Frizzled homolog proteins, microRNAs and Wnt signaling in cancer

Authors

  • Koji Ueno,

    1. Department of Urology, San Francisco Veterans Affairs Medical Center and University of California at San Francisco, San Francisco, CA
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  • Hiroshi Hirata,

    1. Department of Urology, San Francisco Veterans Affairs Medical Center and University of California at San Francisco, San Francisco, CA
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  • Yuji Hinoda,

    1. Department of Oncology and Laboratory Medicine, Yamaguchi University Graduate School of Medicine, Yamaguchi, Japan
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  • Rajvir Dahiya

    Corresponding author
    1. Department of Urology, San Francisco Veterans Affairs Medical Center and University of California at San Francisco, San Francisco, CA
    • Professor and Director, Urology Research Center (112F), Veterans Affairs Medical Center and University of California at San Francisco, 4150 Clement Street, San Francisco, CA 94121, USA
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    • Tel.: +415-750-6964, Fax: +415-750-6639


Abstract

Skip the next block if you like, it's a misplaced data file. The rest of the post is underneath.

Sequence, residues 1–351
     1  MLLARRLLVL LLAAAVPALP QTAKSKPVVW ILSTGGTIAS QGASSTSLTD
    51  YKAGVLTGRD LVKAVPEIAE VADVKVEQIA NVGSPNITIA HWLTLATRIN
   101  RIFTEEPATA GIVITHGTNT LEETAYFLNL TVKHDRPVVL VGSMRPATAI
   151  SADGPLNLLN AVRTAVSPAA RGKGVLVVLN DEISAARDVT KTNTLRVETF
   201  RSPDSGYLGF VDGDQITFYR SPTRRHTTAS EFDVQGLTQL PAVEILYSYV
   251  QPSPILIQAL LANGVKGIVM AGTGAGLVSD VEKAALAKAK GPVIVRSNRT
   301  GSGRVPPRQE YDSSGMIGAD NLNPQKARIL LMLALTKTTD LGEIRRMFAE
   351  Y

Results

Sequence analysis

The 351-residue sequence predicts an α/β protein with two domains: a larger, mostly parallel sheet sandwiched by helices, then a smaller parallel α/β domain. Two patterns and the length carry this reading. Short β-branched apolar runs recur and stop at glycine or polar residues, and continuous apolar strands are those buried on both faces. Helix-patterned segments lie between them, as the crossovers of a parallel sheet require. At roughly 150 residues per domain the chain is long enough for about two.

Wnt signaling pathways play important roles in tumorigenesis and are initiated by binding of Wnt to various receptors including frizzleds (FZDs). FZDs are one of several families of receptors comprised of FZD/LRP/ROR2/RYK in the Wnt signaling pathway. Expression of some FZD receptors are up regulated, thereby activating the Wnt signaling pathway and is correlated with cancer malignancy and patient outcomes (recurrence and survival) in many cancers. The FZD family contains ten genes in humans and their function has not been completely examined including the regulatory mechanisms of FZD genes in cancer. Knockdown of FZDs may suppress the Wnt signaling pathway resulting in decreased cell growth, invasion, motility and metastasis of cancer cells. Recently a number of microRNAs (miRNAs) have been identified and reported to be important in several cancers. MiRNAs regulate target gene expression at both the transcription and translation levels. The study of miRNA is a newly emerging field and promises to be helpful in understanding the pathogenesis of FZDs in cancer. In addition, miRNAs may be useful in regulating FZDs in cancer cells. Therefore, the aim of this review is to discuss current knowledge of the functional mechanisms of FZDs in cancer, including regulation by miRNAs and the potential for possible use of miRNAs and FZDs in future clinical applications.

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